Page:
A Turkish Airlines flight from Nairobi to Istanbul was diverted after a Wi-Fi network called ‘bomb on board’ was detected and alarmed passengers, the airline has revealed.
In a statement, Turkish Airlines said the flight made an emergency landing at the Khartoum airport in Sudan, but the flight was safely resumed after security inspections on all passengers and the aircraft.
“Experts said the Wi-Fi network in question was created on board. No irregularities were seen after security procedures were carried out, and passengers were brought back on the plane once boarding restarted,” Turkish Airlines said.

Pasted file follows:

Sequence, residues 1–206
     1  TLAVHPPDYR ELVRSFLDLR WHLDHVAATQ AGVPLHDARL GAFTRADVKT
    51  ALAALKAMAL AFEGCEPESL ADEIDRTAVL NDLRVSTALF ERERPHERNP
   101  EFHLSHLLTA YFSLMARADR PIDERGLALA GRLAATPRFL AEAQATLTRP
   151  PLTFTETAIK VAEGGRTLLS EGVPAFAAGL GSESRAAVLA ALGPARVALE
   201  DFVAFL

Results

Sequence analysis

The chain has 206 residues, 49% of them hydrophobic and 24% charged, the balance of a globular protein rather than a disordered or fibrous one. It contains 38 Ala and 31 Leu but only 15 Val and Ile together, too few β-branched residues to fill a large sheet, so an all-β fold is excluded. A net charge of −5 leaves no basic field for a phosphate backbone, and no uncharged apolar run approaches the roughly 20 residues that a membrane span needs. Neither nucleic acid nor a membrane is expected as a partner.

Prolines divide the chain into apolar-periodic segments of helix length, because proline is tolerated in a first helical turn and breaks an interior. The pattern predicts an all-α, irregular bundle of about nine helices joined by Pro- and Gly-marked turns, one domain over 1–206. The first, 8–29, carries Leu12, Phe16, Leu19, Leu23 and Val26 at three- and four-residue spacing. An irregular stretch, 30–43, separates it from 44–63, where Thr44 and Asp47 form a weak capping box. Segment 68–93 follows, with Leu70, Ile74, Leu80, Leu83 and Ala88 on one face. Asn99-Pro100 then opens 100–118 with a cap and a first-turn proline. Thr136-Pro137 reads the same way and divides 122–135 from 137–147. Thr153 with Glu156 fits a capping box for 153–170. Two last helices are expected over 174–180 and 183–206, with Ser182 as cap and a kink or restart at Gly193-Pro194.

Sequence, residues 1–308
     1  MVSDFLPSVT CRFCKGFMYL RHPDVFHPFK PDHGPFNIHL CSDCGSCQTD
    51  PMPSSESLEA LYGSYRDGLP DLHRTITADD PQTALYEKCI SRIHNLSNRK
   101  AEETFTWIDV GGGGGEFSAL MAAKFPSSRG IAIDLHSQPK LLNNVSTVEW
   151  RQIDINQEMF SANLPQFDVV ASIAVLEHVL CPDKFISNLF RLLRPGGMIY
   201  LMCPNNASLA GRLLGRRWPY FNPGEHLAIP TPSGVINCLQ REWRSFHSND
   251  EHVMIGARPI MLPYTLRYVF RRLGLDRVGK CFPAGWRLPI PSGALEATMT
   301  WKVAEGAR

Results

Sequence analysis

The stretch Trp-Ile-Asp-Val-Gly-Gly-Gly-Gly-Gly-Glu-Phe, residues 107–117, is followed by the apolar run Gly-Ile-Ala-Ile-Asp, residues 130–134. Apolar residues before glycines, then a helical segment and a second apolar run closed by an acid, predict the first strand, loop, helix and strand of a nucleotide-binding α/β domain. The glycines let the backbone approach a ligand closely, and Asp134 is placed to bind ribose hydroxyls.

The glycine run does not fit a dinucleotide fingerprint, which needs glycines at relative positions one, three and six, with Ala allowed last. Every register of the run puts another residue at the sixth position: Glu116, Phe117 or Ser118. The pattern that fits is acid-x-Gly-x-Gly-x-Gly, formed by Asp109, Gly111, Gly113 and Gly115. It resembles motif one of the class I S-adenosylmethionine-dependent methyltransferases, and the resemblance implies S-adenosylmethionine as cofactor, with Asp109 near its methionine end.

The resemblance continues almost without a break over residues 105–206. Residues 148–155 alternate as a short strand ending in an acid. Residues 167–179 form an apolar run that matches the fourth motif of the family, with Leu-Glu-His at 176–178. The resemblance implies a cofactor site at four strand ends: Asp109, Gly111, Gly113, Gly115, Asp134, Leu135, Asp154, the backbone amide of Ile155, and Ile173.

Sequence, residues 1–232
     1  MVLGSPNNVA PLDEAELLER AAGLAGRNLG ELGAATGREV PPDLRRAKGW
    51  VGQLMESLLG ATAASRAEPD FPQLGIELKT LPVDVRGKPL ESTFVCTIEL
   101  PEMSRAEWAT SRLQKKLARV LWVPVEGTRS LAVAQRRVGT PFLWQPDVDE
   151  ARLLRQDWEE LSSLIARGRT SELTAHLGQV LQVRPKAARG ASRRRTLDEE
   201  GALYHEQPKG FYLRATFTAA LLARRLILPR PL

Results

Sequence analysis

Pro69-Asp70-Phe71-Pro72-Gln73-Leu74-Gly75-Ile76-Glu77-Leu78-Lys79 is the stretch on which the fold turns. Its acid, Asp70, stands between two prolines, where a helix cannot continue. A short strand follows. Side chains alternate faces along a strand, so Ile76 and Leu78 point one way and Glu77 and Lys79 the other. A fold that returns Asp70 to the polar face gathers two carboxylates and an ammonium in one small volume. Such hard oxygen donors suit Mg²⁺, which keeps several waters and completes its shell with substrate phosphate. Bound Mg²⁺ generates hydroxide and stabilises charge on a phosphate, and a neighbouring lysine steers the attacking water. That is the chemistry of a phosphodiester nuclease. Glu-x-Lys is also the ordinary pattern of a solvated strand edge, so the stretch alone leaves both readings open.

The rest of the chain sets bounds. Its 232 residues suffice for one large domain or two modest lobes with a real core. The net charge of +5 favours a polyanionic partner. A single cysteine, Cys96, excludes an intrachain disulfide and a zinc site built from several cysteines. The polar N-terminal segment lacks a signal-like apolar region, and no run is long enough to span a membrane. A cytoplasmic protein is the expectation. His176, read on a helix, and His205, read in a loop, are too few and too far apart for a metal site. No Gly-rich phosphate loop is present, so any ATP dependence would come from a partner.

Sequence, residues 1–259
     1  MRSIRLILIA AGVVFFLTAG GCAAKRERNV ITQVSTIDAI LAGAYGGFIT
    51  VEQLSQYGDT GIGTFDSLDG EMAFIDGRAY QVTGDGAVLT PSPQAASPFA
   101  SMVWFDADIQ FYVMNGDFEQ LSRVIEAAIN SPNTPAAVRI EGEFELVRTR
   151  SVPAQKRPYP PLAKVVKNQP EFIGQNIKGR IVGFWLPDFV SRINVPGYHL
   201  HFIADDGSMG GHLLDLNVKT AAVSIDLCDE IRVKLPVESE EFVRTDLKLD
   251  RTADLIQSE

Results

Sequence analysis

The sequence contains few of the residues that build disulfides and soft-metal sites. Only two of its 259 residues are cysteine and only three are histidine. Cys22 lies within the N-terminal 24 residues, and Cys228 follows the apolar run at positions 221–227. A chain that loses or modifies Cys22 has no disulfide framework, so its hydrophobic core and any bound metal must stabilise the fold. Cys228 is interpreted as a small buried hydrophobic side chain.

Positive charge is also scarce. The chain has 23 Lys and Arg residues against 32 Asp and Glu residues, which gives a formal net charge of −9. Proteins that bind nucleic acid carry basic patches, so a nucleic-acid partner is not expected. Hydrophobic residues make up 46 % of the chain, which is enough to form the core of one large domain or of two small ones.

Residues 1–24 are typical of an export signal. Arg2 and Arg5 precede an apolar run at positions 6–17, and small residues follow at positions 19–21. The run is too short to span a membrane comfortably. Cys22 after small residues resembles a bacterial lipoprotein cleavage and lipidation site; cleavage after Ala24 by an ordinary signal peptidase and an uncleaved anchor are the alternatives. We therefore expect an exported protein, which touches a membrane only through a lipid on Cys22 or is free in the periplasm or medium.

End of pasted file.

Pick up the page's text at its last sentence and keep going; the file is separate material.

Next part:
All 100 passengers were brought back on board the flight, but the airline did not say whether authorities had identified the passenger who had created the Wi-Fi network.
And this isn’t the first time this has happened. Earlier this year, a flight from Cancun to London Gatwick was cancelled after a Wi-Fi hotspot with the name “Jihadist Cell London 1” was spotted on board. The passenger who noticed the Wi-Fi name told the crew and an investigation was launched.
In addition, a Qantas flight in 2016 that was just about to take off from Melbourne for Perth was delayed for two hours after a passenger on board noticed the Wi-Fi network name “Mobile Detonation Device”.
Individuals can create personal Wi-Fi networks on devices such as mobile phones and name them what they want, but many airlines also have in-flight networks for public use.